Frank D. Gilroy, Pulitzer Prize-Winning Playwright, Dies at 89

Walter McBride/WireImage
Frank D. Gilroy performs in a special preview of the 2014 New York Musical Theatre Festival (NYMF) at Ford Foundation Studio Theatre in The Pershing Square Signature Center on July 2, 2014 in New York City.

Frank D. Gilroy, Pulitzer Prize-winning playwright, screenwriter and director, died Saturday evening from natural causes. He was 89. 

Gilroy wrote the 1964 play The Subject Was Roses, for which he won the Tony Award for best play and the Pulitzer Prize for drama. The play centers on a World War II veteran returning home to deal with family tension. 

He also worked in Hollywood, writing screenplays including the 1968 film adaptation of The Subject Was Roses. Other Hollywood film work included the screenplay for The Gallant Hours (1960), which starred James Cagney, along with writing and directing Desperate Characters (1971) starring Shirley MacLaine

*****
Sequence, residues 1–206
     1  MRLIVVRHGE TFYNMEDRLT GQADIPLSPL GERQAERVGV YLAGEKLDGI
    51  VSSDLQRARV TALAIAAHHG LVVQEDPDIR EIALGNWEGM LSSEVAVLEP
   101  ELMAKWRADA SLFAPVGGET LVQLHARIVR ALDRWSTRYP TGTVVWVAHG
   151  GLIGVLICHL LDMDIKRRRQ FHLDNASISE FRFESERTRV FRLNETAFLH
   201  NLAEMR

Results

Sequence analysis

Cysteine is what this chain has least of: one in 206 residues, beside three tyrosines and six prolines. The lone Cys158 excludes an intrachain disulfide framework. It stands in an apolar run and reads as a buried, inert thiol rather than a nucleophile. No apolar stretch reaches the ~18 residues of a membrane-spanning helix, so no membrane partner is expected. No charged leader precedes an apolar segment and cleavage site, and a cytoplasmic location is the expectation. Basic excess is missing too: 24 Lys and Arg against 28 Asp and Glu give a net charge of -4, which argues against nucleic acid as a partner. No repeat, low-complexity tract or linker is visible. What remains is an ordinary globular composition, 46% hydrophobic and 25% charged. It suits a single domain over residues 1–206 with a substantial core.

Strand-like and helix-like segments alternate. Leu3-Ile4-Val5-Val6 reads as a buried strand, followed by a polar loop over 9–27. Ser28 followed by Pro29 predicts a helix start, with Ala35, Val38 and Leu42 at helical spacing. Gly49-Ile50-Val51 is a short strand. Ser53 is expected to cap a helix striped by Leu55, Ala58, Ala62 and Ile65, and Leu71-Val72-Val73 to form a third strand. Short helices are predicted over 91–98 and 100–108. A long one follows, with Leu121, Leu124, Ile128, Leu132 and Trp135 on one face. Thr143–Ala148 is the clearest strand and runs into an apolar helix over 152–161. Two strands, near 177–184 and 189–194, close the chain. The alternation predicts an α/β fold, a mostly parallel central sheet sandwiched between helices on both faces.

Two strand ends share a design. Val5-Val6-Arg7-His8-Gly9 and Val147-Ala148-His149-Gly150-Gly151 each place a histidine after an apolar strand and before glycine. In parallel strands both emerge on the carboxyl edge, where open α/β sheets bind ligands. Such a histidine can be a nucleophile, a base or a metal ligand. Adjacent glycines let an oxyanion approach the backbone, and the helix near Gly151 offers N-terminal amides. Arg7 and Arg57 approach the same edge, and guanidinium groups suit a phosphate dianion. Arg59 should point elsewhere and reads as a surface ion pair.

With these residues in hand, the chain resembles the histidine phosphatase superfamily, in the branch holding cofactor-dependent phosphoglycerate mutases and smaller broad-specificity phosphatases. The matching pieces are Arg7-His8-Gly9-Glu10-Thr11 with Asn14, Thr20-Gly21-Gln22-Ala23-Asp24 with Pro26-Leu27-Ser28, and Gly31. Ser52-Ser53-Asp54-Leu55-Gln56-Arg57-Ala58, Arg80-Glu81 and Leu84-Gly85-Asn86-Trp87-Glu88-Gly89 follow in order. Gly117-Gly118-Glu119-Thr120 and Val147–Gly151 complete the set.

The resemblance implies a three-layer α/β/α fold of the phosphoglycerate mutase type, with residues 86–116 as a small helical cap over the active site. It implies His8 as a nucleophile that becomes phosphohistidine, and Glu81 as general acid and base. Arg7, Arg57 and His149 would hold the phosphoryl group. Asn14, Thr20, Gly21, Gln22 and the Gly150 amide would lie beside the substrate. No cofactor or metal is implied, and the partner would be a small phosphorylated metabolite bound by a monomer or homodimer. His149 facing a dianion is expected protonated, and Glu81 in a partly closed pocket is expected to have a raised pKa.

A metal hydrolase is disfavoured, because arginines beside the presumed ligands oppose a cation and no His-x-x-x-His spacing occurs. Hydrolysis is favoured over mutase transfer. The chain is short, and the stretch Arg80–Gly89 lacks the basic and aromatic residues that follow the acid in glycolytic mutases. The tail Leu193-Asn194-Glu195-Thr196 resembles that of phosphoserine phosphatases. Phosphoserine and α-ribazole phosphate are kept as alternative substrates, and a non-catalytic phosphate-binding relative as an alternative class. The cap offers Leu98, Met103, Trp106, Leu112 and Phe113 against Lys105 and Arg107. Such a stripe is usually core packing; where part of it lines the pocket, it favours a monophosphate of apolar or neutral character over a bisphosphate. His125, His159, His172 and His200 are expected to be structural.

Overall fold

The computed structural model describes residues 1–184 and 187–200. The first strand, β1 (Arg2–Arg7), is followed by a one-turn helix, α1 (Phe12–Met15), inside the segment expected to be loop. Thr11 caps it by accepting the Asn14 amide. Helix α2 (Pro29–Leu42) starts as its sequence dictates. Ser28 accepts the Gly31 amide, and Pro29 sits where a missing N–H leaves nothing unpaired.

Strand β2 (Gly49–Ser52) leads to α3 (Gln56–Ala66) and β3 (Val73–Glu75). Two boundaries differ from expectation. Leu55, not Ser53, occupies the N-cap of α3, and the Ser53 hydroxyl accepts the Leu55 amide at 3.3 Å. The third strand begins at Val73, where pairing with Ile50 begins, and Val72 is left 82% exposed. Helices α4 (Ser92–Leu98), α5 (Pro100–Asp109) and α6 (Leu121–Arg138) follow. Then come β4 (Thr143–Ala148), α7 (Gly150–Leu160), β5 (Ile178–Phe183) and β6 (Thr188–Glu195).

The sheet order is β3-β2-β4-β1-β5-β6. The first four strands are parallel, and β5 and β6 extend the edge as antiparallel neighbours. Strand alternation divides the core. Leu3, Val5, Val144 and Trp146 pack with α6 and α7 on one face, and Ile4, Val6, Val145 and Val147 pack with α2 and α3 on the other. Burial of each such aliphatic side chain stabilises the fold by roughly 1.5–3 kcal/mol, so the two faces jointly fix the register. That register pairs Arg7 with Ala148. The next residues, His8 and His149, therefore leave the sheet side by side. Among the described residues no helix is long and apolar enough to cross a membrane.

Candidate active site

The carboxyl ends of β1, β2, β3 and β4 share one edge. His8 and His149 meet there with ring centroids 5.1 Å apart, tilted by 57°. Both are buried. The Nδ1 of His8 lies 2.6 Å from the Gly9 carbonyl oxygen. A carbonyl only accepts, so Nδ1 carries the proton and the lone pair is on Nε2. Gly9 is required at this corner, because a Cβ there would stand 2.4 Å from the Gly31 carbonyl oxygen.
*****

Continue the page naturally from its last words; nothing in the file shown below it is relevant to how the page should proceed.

Gilroy was born in New York City in 1925 before attending Dartmouth College and Yale School of Drama. He wrote for numerous live TV shows before getting started in theater.

Gilroy is survived by Ruth, his wife of 62 years, and their three sons, Tony, Dan and John Gilroy, who are all working in Hollywood. Tony wrote the first three Bourne films, which star Matt Damon, and he co-wrote and directed 2012's Jeremy Renner vehicle The Bourne Legacy. Dan wrote and directed 2014's Jake Gyllenhaal-starrer Nightcrawler, among other writing credits, including co-writing Bourne Legacy with Tony. John is a film editor with credits on Michael ClaytonPacific Rim and Nightcrawler

A memorial service is planned for the fall. 

This article originally appeared on


The Biz premium subscriber content has moved to

To simplify subscriber access, we have temporarily disabled the password requirement.